July 18, 2014

week two of Montessori

It's the end of the second week of Montessori and things are still progressing amazingly well. It's truly surreal how easy a transition this has been and I feel so immensely blessed as a result.

We did our research before choosing this school. We visited several other schools in the area, though I admit the one she's in is the only Montessori school we visited. Still, we knew it would be a good fit. In fact, we discussed how it was as if the school (Montessori) had been made for Lovie.

And so far we are right. It's a great fit.

The first four days of the program (last week), Lovie, age 4.5, spent with the toddlers and 3-6 year olds because it's the summer program and enrollment isn't as full as it is during regular school year. (During the regular school year, Montessori schools group the children in three year gaps: 15 months-3, 3-6, 6-9, 9-12. They do this because Maria Montessori discovered that children thrive from interacting, socializing, and learning from each other [in a nutshell-- there are GOBS of videos and stories on this to prove the theory].)  She seemed happy with it for the most part and was even falling asleep during rest time. She made a friend, a 6 year old girl, who was in the "bigger kid" class, but she talked about doing things in the younger class and reports from her teacher were really great.

Then (last) Friday when I picked her up, Lovie came running out to me with all smiles and her teacher told me she had spent the day with the older classroom- and loved it. Honestly, I wasn't too surprised because she really does know a lot already and she gravitates more toward older children. That's part of the reason we wanted to move her out of daycare/preschool (where she spent the last six months in the Kindergarten class). I was, however, surprised the move happened within the first week, but assumed maybe it was just a trial.

But then on Monday after Taye dropped her off, he called me and told me the teacher called after him before he left and gave him Lovie's pillow and blanket because "she won't be needing them anymore" since "they don't take naps" in the bigger kid classroom. Apparently, they moved her in there for good and that's where's she been all week!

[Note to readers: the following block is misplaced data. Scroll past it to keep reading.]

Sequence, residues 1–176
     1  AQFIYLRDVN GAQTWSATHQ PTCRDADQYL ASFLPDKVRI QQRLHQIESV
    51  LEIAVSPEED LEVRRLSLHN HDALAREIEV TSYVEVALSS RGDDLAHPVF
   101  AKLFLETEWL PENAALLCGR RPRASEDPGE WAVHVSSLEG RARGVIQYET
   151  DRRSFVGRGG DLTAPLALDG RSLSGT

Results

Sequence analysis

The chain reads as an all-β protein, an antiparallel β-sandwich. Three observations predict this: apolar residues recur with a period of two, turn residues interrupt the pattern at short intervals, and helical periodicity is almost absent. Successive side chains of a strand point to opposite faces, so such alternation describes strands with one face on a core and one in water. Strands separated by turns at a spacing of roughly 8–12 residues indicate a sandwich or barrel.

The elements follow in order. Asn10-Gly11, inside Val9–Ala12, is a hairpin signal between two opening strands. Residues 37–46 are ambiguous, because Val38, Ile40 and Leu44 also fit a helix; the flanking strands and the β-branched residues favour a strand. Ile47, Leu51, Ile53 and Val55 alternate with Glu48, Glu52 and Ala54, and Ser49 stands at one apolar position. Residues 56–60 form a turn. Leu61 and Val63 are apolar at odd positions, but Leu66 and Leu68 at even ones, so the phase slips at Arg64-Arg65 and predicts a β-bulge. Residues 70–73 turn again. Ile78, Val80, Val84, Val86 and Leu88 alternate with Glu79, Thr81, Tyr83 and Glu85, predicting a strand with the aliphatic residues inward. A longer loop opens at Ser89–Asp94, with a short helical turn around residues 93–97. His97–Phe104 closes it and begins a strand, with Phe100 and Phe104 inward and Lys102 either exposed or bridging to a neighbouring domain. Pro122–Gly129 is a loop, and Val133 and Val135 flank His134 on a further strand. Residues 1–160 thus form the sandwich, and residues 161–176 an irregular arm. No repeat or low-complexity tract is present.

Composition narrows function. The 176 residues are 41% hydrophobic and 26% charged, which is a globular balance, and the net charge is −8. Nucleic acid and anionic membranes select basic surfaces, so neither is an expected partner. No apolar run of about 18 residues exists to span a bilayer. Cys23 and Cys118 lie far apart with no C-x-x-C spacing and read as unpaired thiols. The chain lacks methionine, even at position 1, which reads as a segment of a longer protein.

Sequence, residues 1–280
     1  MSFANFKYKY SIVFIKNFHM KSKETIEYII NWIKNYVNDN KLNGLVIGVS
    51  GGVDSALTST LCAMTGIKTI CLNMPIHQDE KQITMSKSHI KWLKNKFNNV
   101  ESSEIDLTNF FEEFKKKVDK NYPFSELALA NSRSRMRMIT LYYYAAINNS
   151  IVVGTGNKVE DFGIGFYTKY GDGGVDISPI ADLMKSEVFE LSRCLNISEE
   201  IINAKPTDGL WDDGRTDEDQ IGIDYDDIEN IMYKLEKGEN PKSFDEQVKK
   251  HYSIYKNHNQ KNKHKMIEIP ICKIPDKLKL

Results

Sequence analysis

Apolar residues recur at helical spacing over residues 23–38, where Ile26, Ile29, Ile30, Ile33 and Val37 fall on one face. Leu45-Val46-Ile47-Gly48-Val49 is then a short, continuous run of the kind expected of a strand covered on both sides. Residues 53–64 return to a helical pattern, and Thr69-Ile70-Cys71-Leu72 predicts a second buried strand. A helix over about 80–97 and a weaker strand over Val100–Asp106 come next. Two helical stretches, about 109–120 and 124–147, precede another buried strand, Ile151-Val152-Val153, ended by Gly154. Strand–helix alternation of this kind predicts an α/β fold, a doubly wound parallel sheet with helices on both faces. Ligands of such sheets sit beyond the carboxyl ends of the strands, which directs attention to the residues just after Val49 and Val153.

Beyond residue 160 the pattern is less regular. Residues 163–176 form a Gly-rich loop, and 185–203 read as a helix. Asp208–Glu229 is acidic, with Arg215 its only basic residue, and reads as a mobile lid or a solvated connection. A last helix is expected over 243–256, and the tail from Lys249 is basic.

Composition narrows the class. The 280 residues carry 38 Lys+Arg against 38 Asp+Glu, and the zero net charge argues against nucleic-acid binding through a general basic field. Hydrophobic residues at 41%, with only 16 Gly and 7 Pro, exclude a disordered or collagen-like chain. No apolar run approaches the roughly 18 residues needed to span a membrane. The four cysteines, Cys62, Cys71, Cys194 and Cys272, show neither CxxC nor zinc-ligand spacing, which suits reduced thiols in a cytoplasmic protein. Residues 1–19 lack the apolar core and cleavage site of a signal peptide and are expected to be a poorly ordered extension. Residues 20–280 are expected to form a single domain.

The first couple days of the week were a bit rough upon pickup because of the absolutely no nap thing. Her attitude when I picked her up was short. She'd snap at me for the sun shining too brightly on her. I didn't take it personally as I knew she was exhausted and I know how I get when I'm too tired. The past couple of evenings have been much better as far as her attitude when I pick her up. She's not as short with me. In fact, things are wonderful and calm and really, really nice! She's so incredibly happy ALL the time. She wakes up with a smile, she goes to sleep with a smile, she bathes with a smile...

On top of all this, being with the older kids and not napping has resulted in an incredibly easy bedtime routine. Finally! The kid is exhausted come bedtime and has been falling asleep by 8:30 all week (opposed to the 9, 9:30, or even 10PM [even though her bedtime is always consistently at 8--TV off at 7-7:30])! And because Taye takes her to school now, she can sleep in as late as she wants (usually up by 7, 7:30 max).

So week two of Montessori has been fantastic! Lovie's super excited about her notebook at school, along with all that she does with the big kids (and that she's not a napper anymore, of course), and I'm super excited because the transition has been an awesome one and she's back to falling asleep before me in the evenings!


  1. Wow. This makes me think I should look into Montessori for Oliver. He hasn't napped regularly in over a year (he's 4.5 too) and always has to be quiet and wait for the other kids to settle in for nap time. I know he's bored. Plus everything has to be done as a group so I'm sure he'd get into routine with older kids quickly, given the chance. He recently made friends with an 8 year old girl in the neighborhood...

    1. I've heard of Montessori before but honestly, I used to think only rich kids went there. I really don't even know why I thought this... other than they always seemed so private and unique opposed to public school or daycare. Anyway, now that I've been in the thick of it for several week, I just can't stop loving it. I actually get upset at times because it angers me that not all children get this experience. I mean, the "teachings" in Montessor-- the way it's done, etc-- it sincerely makes SO MUCH SENSE.

      But attending is not cheap. And I know you have a new one coming soon too. If you have Montessori, I would look into it at least-- if you have the time and energy. I think you'll know from your visit if it's for you guys. We toured several private (Catholic) schools as well as this one Montessori and we just knew it was perfect. And it really really is.

      I could go on and on about this, but I'll save it for blog posts. If you have any questions or anything, let me know.


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